India’s annual plastic consumption is expected to cross 20 million tonnes in 2020. The main issue with plastics is they break down into microscopic particles and seep into our soil and water bodies. Imagine that the plastic straw you used for a few minutes to sip a drink will lie on this planet for a thousand years!
Eraviperoor Panchayat in Kerala, for instance, has implemented a plastic recycling project which makes use of non-recyclable plastic for laying roads. In 2012, Rajagiri College, Ernakulam, had experimented with polymerised roads by using waste plastics for blacktopping 500 metres of campus road.
This news soon spread and inspired the former president of the Grama Panchayat who was looking for ways to manage plastic waste. The Panchayat Council approached the Public Works Department (PWD) for technicalities. When their idea was approved, they started using shredded plastics along with bitumen for tarring roads. Various awareness drives are also organised to sensitise the locals and ensure participation from everyone.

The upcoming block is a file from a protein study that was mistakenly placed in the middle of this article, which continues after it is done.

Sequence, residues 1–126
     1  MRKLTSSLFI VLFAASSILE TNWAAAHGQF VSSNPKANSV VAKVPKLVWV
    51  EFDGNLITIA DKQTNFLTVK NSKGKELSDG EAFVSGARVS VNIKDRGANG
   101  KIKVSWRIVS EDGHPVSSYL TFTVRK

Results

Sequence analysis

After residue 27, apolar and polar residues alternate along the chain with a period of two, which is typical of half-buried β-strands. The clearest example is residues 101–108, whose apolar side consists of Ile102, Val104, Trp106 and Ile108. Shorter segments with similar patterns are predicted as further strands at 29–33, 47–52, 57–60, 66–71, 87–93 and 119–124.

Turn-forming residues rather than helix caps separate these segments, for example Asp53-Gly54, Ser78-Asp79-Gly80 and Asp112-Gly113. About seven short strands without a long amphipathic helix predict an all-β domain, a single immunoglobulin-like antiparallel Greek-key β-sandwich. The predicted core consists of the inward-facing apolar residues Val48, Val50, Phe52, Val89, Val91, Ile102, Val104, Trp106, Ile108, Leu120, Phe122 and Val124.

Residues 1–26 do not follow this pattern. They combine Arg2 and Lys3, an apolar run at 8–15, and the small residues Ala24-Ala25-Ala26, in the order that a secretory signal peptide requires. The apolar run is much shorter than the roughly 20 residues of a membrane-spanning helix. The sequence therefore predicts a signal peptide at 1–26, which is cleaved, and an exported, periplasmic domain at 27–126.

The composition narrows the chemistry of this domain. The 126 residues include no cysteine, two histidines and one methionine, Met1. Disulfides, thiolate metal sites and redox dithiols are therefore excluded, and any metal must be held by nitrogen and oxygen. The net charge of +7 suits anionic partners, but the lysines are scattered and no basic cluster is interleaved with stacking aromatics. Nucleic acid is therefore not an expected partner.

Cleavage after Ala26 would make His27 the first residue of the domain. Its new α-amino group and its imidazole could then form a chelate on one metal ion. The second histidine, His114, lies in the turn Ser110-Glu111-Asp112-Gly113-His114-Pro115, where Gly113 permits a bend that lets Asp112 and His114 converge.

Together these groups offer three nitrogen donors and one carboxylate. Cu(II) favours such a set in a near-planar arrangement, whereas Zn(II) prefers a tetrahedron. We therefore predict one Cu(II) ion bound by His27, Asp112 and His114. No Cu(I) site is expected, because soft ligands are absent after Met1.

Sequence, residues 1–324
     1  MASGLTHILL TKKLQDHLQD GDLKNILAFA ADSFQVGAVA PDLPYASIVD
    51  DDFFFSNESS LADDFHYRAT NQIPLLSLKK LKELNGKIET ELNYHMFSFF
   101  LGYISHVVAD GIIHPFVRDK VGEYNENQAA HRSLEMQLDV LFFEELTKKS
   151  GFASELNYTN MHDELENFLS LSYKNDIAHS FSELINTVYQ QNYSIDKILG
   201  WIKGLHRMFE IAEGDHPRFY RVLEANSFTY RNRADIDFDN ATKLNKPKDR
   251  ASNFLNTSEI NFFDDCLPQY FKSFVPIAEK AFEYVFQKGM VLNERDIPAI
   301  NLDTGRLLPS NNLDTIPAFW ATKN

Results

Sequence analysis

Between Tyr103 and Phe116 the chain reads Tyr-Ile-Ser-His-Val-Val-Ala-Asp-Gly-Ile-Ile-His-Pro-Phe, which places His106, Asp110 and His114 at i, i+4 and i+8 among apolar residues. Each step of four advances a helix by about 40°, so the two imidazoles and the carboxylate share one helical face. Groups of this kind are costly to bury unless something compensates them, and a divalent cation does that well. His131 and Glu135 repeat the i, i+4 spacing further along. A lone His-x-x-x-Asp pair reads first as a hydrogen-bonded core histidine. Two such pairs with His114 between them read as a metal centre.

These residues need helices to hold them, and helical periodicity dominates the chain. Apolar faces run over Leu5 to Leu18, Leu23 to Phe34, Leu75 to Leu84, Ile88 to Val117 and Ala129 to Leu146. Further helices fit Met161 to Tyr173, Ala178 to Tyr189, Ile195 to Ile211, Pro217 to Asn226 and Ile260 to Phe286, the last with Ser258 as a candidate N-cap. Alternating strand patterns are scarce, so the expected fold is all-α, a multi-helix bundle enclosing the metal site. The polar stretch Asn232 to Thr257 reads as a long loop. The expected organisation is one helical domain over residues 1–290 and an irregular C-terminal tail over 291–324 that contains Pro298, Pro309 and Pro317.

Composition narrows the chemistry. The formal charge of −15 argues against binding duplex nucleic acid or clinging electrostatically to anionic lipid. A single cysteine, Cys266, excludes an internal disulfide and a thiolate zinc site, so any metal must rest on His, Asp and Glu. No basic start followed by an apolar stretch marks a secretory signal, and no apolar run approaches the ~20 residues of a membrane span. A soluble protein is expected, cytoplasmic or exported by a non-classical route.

A plastic shredding machine that can shred 500 kg of plastics a day was installed where all the collected plastic is deposited. The shredded plastic is sold by the panchayat to the PWD, which then uses it in its road construction. So far, the panchayat has sold 800 kg of plastic to PWD at Rs 20 per kg.
The initial success of using plastic waste to construct roads has enabled the Government of Kerala to embed this into a state-wide initiative as a part of its integrated waste management system.
The Suchitwa system is the the nodal waste management programme of Kerala. It has invested in the plastic shredding infrastructure as part of its Resource Recovery Facility, which also addresses recovery of all kinds of waste.